This kept annual theft losses down. These attacks worked because the banks printed the full account number on the ATM ticket. a number of dual control procedures were being abolished. when large numbers of cards and PIN mailers are left lying around on staircases and in pigeonholes. in which the information systems. For example. • Postal interception is reckoned to account for 30% of all UK payment card losses [A1]. criminals set up a market stall in High Wycombe. and dispense a packet of cigarettes. This seems to be a typical example of how computer security breaks down in real organisations. It turned out that this bank did not have the systems to deliver a card by registered post. Attacks of this kind were first reported from the USA in 1988. but could lead the staff into temptation. copy the account numbers from the tickets to blank cards. or to send it to a branch for collection. One bank printed this sequence in its branch manual. • Another bank’s systems had the feature that when a telephone card was entered at an ATM. Thus the pattern of complaints which arises from thefts by their own staff only tends to reinforce the banks’ complacency about their systems. after the author replicated the fraud on television to warn the public of the risk. these must be due to cardholder negligence [BB]. pick up the discarded ATM tickets. and because there was no cryptographic redundancy on the magnetic strip. • One bank issues tellers with cards with which they can withdraw money from branch ATMs and debit any customer account. 2. There the culprit was an ATM technician. observe customers’ PINs. This shows how even the most obscure programming error can lead to serious problems. England. who had been fired. observed customers’ PINs. Crooks stood in line. • In a recent case at Winchester Crown Court in England [RSH].publicly criticised for this by one of Scotland’s top law officers.000 before the bank saturated the area with security men and caught him in the act. in February 1992 the author asked for an increased card limit: the bank sent not one. • Another technical attack relies on the fact that most ATM networks do not encrypt or authenticate the authorisation response to the ATM. and use these to loot the customers’ accounts. . This trick had been used (and reported) several years previously at a bank in New York. These went on until all the banks using the machine put in a software patch to disable the transaction. and three years later there was a sudden spate of losses. Losses increased tenfold. there. and harvested PINs and magnetic strip data by modem. British banks had still not warned their customers of this threat. They put their invention in a shopping mall. • The fastest growing modus operandi is to use false terminals to collect customer card and PIN data. but most banks’ postal control procedures are dismal. At the time of writing. and as most disputed withdrawals happen near the customer’s home or place of work. the bank which had been the main victim in the Winchester case only stopped printing the full account number in mid 1992. and without taking any steps to actually save money by reducing staff. and the trick has spread to other countries too: in 1992. student residences and apartment buildings which have no secure postal deliveries. but managers in the affected departments were unwilling to risk their careers by making a fuss. This may be convenient when the teller station cash runs out. English banks maintain that a computer security problem would result in a random distribution of transactions round the country. • One bank had a well managed system.it appears to have been used in 1987 by a bank’s operations staff. Surely they should have noticed that many of their Cambridge customers live in colleges. who used network control devices to jackpot ATMs where accomplices were waiting. including that on cards and PINs. Outsiders have also enjoyed some success at attacking ATM systems. but two. is not limited to outsiders . and customers who wished to pay for goods by credit card were asked to swipe the card and enter the PIN at a terminal which was in fact hooked up to a PC. This means that an attacker can record a ‘pay’ response from the bank to the machine. and who managed to steal over $80. Most thefts by staff show up as phantom withdrawals at ATMs in the victim’s neighbourhood. • Test transactions have been another source of trouble. They would stand in ATM queues. until one day a proteg´ of the deputy managing e director sent a circular to all branches announcing that to cut costs. One might have thought that the New York lesson would have been learned. known as ‘jackpotting’. This was done without consultation. and then keep on replaying it until the machine is empty. There was a feature on one make of ATM which would output ten banknotes when a fourteen digit sequence was entered at the keyboard. A more recent instance of this in Connecticut got substantial press publicity [J2]. cards and PINs through the post. but no: in England. and helped themselves. crooks built a vending machine which would accept any card and PIN. electronic banking and internal audit departments cooperated to enforce tight dual control over unissued cards and PINs in the branches. and was pilloried by journalists who managed to forge a card and use it [L1]. This technique. Another bank continued printing it into 1993. two men were convicted of a simple but effective scam. and that most of the new students open bank accounts at the start of the academic year in October. it believed that the previous card had been inserted again. These cards arrived only a few days after intruders had got hold of our apartment block’s mail and torn it up looking for valuables.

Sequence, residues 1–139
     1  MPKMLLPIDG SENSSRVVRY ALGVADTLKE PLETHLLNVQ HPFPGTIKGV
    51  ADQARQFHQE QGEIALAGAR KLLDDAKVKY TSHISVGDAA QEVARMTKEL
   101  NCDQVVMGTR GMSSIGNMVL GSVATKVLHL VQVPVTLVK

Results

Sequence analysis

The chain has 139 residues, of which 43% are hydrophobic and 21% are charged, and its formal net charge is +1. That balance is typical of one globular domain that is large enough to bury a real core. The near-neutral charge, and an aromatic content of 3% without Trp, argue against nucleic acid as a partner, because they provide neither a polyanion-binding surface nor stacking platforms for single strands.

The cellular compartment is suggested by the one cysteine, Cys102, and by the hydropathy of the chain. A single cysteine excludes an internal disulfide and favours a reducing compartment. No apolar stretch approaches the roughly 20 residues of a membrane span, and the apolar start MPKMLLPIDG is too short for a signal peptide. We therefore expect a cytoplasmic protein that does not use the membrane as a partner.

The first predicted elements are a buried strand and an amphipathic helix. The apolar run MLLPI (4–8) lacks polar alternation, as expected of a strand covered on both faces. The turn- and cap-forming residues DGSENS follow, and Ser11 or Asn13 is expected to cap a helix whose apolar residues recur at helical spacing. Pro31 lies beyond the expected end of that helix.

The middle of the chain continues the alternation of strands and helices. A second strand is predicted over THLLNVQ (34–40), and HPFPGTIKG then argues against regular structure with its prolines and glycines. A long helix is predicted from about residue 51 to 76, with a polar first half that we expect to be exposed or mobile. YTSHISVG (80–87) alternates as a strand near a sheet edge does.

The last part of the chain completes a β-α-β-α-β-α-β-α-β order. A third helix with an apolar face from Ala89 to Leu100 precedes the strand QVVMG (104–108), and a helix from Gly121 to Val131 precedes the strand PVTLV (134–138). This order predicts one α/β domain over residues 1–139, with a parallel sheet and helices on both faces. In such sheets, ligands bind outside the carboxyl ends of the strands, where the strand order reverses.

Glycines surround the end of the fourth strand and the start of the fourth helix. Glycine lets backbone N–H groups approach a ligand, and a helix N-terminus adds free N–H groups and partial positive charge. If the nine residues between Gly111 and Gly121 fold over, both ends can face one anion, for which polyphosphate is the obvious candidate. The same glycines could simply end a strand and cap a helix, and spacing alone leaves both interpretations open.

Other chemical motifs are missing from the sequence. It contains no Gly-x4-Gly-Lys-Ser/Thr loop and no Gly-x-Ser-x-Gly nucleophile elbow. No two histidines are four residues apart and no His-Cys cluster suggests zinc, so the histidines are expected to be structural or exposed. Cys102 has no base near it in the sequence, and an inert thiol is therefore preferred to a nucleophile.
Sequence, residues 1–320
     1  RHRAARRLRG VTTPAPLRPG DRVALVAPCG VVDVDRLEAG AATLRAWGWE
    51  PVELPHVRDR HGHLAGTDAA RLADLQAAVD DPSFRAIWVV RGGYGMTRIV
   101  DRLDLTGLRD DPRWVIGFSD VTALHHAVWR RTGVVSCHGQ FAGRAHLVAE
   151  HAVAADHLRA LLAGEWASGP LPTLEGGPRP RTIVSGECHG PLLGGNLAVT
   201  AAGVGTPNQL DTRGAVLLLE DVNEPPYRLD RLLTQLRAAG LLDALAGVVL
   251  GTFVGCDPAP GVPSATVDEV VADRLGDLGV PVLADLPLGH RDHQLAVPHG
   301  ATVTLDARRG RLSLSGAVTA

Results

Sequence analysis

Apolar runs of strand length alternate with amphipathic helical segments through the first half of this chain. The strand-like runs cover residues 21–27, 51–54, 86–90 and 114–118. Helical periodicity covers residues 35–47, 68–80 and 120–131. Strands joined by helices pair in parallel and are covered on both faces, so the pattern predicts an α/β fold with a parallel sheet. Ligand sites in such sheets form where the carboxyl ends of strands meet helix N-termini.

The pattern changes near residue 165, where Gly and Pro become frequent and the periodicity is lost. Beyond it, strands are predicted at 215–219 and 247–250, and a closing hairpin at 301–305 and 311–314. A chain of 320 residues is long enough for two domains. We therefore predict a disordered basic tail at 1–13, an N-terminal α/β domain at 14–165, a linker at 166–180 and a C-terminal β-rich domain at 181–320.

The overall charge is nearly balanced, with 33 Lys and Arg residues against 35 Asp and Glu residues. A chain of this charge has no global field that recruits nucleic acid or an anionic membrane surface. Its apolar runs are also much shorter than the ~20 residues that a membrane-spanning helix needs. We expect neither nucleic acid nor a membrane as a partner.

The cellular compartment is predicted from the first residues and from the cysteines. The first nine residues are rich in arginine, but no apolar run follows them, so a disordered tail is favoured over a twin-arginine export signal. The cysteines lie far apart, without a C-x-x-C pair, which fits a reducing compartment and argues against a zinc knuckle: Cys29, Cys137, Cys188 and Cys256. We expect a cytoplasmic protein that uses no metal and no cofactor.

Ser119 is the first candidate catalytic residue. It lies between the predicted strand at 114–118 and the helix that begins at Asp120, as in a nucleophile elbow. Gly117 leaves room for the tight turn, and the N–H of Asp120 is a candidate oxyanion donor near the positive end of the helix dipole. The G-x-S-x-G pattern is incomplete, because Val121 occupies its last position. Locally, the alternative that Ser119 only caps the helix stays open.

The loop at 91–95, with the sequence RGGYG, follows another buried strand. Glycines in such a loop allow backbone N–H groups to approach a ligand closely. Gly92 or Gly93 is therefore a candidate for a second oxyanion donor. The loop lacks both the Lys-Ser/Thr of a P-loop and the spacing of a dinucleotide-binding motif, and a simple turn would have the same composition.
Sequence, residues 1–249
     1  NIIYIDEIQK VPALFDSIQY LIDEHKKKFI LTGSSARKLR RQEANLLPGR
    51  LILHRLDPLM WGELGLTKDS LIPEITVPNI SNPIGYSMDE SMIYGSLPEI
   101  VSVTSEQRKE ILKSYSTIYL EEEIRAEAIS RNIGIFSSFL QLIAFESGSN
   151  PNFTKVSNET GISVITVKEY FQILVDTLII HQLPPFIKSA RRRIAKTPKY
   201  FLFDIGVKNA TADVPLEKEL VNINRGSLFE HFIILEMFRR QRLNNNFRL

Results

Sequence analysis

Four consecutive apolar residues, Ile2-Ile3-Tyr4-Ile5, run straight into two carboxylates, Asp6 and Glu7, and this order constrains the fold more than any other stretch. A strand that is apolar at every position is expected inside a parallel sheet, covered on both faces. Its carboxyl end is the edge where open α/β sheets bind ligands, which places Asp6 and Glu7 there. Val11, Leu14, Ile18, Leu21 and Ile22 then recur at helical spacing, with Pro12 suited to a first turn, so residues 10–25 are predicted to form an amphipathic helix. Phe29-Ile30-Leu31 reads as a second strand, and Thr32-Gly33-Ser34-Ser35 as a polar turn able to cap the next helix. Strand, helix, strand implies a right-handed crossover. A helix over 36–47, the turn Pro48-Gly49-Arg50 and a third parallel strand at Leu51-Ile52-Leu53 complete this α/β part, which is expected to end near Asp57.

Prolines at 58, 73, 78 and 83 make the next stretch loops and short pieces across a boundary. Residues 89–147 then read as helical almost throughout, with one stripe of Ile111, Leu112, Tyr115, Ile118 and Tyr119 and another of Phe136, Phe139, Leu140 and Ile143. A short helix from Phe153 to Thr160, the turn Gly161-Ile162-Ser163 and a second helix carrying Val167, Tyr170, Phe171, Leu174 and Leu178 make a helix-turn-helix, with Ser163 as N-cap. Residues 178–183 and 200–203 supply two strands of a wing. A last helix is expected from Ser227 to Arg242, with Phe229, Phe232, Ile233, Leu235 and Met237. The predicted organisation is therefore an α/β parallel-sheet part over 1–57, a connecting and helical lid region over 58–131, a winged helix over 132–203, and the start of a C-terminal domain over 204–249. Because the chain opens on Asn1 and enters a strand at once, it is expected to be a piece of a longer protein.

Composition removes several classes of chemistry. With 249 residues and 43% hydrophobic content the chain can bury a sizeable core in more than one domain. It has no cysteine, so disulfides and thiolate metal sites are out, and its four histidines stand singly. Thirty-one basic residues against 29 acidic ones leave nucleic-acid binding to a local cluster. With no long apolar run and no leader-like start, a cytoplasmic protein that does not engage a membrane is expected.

devices which look like real ATMs.000.000.333 to 1 in 8. and there are currently two other men awaiting trial for conspiring to defraud this bank by forging cards. It took the criminal fraternity fifteen years to figure out that you could change the account number on your own card’s magnetic strip to that of your target. but rather chose random PINs (or let the customers choose them) and then encrypt them for storage. and may even be real ATMs. and a debit card PIN with one plus three equals two plus four. In neither case was the problem detected until some considerable time had passed: as the live PIN mailers were subjected to strict handling precautions. customers of one bank get a credit card PIN with digit one plus digit four equal to digit two plus digit three. and suggested instead that they conceal the PIN in the following way and write it down on a distinctive piece of squared cardboard.5% of ATM turnover. It would therefore seem to be more relevant to military than civilian systems. Britain is by no means the country worst affected by card forgery. some banks have managed to reduce the diversity of a four-digit PIN to much less than 10. they are of interest from the public policy point of view. which was designed to be kept alongside the ATM card in a wallet or purse. Security researchers have tended to consider such blunders uninteresting. there may be only about two dozen four-letter words which can be made up using a given grid of random letters. Some banks do not derive the PIN from the account number by encryption. we must look at banking security systems in a little more detail. Suppose your PIN is 2256. a programmer arranged things so that only three different PINs were issued. For example. In yet another. second. the Winchester pair used this technique as well. Although high-tech attacks on banking systems are rare. This means that a programmer might observe that the encrypted version of his own PIN is (say) 3. In order to understand how these sophisticated attacks might work. say ‘blue’. • The second is that Italy’s ATMs are generally offline. As we saw above. The point of using a four-digit PIN is that someone who finds or steals another person’s ATM card has a chance of only one in ten thousand of guessing the PIN. and if only three attempts are allowed. This means that crooks could use stolen cards in offline devices by entering a PIN such as 4455. Write these four letters down in the second. and search the database for all other accounts with the same PIN. • In early 1992. this is nothing new and should have been expected. The basic assumptions behind this program are that implementation and operation will be essentially error-free. but which are programmed to capture customers’ card and PIN data. get a card and PIN. In fact. then the likelihood of a stolen card being misused should be less than one in 3. make several dozen copies of the card. However. For this reason. Despite all these horrors. This is also nothing new. as government initiatives such as the EC’s Information Technology Security Evaluation Criteria [ITSEC] aim to develop a pool of evaluated products which have been certified free of known technical loopholes. u e Now fill up the empty boxes with random letters. and get accomplices to draw cash from a number of different ATMs at the same time.2 More complex attacks The frauds which we have described so far have all been due to fairly simple errors of implementation and operation. • The first is a plague of bogus ATMs . Quite apart from the risk that customers may choose PINs which are easy to guess.3. • One small institution issued the same PIN to all its customers. 4. • One large UK bank even wrote the encrypted PIN to the card strip. isn’t it? Of course. no member of staff ever got hold of more than his own personal account mailer. VISA recommends that banks should combine the customer’s account number with the PIN before encryption [VSM]. this has a number of technical pitfalls. Easy. and then use it with your own PIN to loot his account. This means that anyone can open an account. Not all of them do. where losses amount to almost 0. fifth and sixth columns of the card respectively: 1 2 b l 3 4 5 6 7 8 9 0 132AD6409BCA4331. so a thief’s chance of being able to use a stolen card has just increased from 1 in 3. Banking systems have a number of these weaknesses too. . Choose a four-letter word. and that attackers will possess the technical skills which are available in a government signals security agency. another bank sent its cardholders a letter warning them of the dangers of writing their PIN on their card. That dubious honour goes to Italy [L2]. and have therefore concentrated on attacks which exploit more subtle technical weaknesses. although we will have more to say on this later. Banks there are basically suffering from two problems. For example: • They may have a scheme which enables PINs to be checked by offline ATMs and point-of-sale devices without these devices having a full encryption capability. • Some banks hold the encrypted PINs on a file. with a view to forging cards by the thousand. and one of them wrote a document about it which appears to have circulated in the UK prison system [S]. it was a favourite modus operandi in Britain in the early 1980’s [W3]. as a result of a simple programming error. 5.